Counseling protocols

Following diagnosis, parents received detailed counseling regarding the nature of the anomaly, management options and the expected outcomes based on current literature and local institutional experience. [21] A fetal cardiologist and a trained medical social worker provided counseling; a perinatology consultation was obtained whenever non-cardiac lesions were associated. Patients were classified into simple or complex CTA on the basis of whether a right ventricle to pulmonary artery conduit was deemed necessary (complex) or not (simple) for post-natal corrective surgery. For all patients, a detailed search for extra-cardiac anomalies and a genetic evaluation for 22q deletion syndrome as well as karyotyping were advised. The option of planned delivery in a cardiac center to facilitate post-natal care was discussed with the family whenever the diagnosis of a critical, potentially life threatening lesion was made. The final decision regarding the management of the pregnancy (including the decision to go for additional tests like amniocentesis) was made by the respective families. In India, the legal limit for termination of pregnancy is 20 weeks gestational age. [23]

Outcome variables and follow-up

Outcomes of the pregnancy were tracked by direct evaluation of the baby in the study center whenever possible or from hospital records and by telephone/questionnaire-based enquiry with the parents. A postnatal evaluation of the baby at the study center was advised in all cases. The accuracy of the pre-natal diagnosis was compared with the findings of the post-natal echocardiography with respect to the primary diagnosis of the anomaly as well as individual components like relationship of great vessels and outflow obstructions. The post-natal management was decided by the clinical status of the patient and the institutional policies. In patients undergoing corrective intervention for the CHD after birth, the immediate hospital outcomes were recorded. Pregnancy outcomes were categorized as: pregnancies not culminating in a live-birth, live-birth at term or lost to follow-up. In babies delivered alive at term, the immediate neonatal outcomes were categorized as post-natal cardiac care, no cardiac care and neonatal deaths (NND).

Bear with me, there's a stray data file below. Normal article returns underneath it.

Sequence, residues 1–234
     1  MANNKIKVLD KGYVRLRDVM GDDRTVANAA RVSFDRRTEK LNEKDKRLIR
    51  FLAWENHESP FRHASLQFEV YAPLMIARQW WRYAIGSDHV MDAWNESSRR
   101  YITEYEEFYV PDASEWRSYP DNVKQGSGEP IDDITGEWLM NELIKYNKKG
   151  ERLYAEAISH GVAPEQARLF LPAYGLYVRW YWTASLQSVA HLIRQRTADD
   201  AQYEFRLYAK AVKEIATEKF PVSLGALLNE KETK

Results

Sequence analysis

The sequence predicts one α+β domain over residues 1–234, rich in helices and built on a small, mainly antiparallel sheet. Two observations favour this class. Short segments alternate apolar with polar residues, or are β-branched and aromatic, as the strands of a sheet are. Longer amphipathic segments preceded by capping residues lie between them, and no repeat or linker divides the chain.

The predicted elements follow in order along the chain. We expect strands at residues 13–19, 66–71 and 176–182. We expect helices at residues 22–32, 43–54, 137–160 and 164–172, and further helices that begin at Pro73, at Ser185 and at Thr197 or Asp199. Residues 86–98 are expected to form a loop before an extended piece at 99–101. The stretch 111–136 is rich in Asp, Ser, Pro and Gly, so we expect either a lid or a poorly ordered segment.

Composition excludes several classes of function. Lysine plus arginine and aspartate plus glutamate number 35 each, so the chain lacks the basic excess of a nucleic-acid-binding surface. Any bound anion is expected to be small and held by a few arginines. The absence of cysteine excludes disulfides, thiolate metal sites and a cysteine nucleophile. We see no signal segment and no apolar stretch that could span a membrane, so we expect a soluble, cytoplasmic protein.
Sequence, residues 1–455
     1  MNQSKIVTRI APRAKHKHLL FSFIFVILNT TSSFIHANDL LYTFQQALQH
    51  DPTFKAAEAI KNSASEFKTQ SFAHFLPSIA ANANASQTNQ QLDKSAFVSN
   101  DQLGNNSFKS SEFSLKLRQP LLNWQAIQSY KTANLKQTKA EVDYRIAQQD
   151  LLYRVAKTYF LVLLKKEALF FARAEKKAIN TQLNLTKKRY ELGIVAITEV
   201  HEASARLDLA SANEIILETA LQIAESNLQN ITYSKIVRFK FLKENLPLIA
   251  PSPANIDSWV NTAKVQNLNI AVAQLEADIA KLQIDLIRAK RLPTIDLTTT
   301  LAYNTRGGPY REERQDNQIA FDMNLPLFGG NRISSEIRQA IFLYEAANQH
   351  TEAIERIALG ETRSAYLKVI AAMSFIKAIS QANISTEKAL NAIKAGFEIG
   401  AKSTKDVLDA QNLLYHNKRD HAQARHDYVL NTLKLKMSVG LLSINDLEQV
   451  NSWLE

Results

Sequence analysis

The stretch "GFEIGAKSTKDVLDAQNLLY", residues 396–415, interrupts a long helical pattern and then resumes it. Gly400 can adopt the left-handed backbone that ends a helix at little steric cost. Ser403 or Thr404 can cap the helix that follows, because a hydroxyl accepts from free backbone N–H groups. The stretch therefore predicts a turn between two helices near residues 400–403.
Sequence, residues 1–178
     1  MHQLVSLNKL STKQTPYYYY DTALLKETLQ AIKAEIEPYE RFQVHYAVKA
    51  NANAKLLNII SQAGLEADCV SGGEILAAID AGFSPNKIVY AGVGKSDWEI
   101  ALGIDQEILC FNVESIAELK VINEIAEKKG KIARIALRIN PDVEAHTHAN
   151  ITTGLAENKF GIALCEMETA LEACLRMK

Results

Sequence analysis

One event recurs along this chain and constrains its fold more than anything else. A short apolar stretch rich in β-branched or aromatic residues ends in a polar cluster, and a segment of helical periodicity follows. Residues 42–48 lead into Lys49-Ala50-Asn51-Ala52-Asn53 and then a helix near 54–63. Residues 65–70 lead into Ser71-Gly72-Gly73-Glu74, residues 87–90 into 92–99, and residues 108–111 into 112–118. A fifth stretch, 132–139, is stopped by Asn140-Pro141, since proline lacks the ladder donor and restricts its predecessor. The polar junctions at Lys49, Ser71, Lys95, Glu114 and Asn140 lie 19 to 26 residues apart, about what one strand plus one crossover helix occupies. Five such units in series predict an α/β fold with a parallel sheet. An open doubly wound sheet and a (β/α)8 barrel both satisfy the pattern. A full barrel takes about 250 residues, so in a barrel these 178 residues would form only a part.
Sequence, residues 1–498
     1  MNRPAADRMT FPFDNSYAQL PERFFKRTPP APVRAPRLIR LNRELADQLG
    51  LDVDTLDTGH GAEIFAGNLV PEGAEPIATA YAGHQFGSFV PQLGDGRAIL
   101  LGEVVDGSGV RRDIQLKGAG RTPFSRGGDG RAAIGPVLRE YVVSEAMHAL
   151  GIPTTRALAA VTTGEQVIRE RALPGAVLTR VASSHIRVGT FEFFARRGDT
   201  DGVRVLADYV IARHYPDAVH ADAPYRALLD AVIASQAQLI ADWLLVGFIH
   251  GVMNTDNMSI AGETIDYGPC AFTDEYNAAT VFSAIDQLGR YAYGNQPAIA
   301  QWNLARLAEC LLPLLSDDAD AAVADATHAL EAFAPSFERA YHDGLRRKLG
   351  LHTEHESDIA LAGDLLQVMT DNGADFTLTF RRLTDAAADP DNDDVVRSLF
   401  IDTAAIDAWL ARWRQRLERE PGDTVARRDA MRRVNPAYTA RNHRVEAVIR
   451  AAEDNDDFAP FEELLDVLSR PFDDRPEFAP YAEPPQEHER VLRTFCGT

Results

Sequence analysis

Statistical analysis

Data was expressed as percentage for nominal variables and mean with standard deviation or median with range for continuous variables. Fisher's exact test was used for comparison of continuous variables. P value of < 0.05 was considered as significant. Statistical analysis was done using SPSS 11 version.


   Results Top


A total of 1292 women were referred for fetal echocardiography to our center during the study period 2008-11. Of these, 68 fetuses (5.3%) were diagnosed to have CTA, representing 19.9% of the total anomalies diagnosed during the study period. The mean gestational age at referral was 26.8 ± 5.9 weeks (range 17-38 weeks). The mean maternal age was 27.4 ± 4.5 years (range 20-41 years). The predominant indication for referral for fetal echocardiography was CHD suspected during routine antenatal scan in 61 cases (89.7%). The other indications included previous child with CHD in 3 (4.4%), maternal illnesses and extra cardiac anomalies in 2 cases (2.9%) each. Sixty-six fetuses (97.1%) were conceived naturally, while 2 (2.9%) were conceived by intra-uterine insemination. History of consanguinity (second degree) was noted in one patient (1.45%). History of maternal diabetes and maternal drug intake was noted in 2 patients (2.9%) each.

[Figure 1] summarizes the various types of CTA diagnosed during the study period. The most common anomaly diagnosed was TOF (30 fetuses, 44.1%). Fifty-one (75%) fetuses were categorized as simple and 17 (25%) as complex. Fetuses with complex CTA were referred at a later gestational age for fetal echocardiography (29.2 ± 5.4 vs. 25.9 ± 5.9 weeks; P = 0.05). A survey for extra-cardiac anomalies was reported in 56 fetuses (82.3%) with 4 (7.1%) having these anomalies. These included hydrocephalus in 2 fetuses and single umbilical artery and gastro-intestinal anomaly in one each. Nuchal translucency was reported only in 15 fetuses (22%) with 6 having an abnormal result. Genetic evaluation by non-invasive methods was attempted in 27 (39.7%) with one fetus (1.5%) having an abnormal result. Amniocentesis and tissue genetic studies were not done in any patient.